Georgian President Salome Zurabishvili says her country may change its “liberal” visa regime for Russian citizens amid an unprecedented influx sparked by the Kremlin’s mobilization of troops for the war against Ukraine.
Speaking at a joint conference in the Moldovan capital, Chisinau, after holding talks with Moldovan counterpart Maia Sandu on October 17, Zurabishvili called the arrival of Russian citizens to Georgia in recent weeks “a challenge.”
“I would not call it a threat, but it is a challenge…. I also do not exclude that we will have to revise the visa regime, which currently is liberal and does not correspond to the Russian aggression [against Ukraine]. The issue must be decided by [Georgian] authorities and our society,” Zurabishvili said.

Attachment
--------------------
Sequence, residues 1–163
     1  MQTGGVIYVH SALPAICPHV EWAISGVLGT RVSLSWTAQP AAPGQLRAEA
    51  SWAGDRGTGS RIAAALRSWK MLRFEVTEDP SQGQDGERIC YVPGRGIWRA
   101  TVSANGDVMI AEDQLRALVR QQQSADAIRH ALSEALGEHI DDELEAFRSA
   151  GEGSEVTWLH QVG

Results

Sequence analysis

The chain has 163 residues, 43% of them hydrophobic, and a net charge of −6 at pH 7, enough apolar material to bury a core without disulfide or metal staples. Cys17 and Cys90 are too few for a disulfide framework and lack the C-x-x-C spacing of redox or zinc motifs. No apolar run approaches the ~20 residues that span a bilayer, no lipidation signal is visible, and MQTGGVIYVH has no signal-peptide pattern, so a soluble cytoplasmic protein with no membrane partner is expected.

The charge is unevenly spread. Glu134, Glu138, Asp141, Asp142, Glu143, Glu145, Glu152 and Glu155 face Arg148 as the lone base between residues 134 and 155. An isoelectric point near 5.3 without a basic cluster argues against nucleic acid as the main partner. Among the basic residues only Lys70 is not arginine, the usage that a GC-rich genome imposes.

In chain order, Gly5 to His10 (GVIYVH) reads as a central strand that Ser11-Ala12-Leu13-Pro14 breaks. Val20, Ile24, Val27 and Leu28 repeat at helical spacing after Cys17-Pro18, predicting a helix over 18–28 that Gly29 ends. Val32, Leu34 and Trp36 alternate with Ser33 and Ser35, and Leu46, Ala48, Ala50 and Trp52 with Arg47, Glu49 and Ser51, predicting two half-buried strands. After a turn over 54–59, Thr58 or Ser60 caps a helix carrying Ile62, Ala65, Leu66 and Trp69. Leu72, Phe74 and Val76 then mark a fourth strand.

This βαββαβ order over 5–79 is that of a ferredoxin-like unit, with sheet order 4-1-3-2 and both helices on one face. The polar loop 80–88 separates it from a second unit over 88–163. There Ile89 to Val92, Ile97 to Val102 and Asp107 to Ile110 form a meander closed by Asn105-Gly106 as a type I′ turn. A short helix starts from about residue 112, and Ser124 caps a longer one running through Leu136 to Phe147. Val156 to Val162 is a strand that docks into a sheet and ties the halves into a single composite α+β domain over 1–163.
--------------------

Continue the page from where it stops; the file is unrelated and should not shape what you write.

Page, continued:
Zurabishvili did not say if visas would be introduced for Russian citizens who choose to enter the South Caucasus country.
Currently, Russians do not need visas to enter Georgia and may stay in the country without for up to 365 days. If they leave Georgia for another country, they can then immediately reenter for another 365 days.
Georgian government officials have said several times that there are no plans to introduce visas for Russian citizens.
Moldovan President Sandu tweeted after talks with Zurabishvili that the two former Soviet republics had “committed to closer cooperation between Moldova and Georgia in the future, and also to working together on the road of the EU integration.”
Zurabishvili added: “Moldova and Georgia both belong in Europe. Our cooperation on this road will make us stronger.”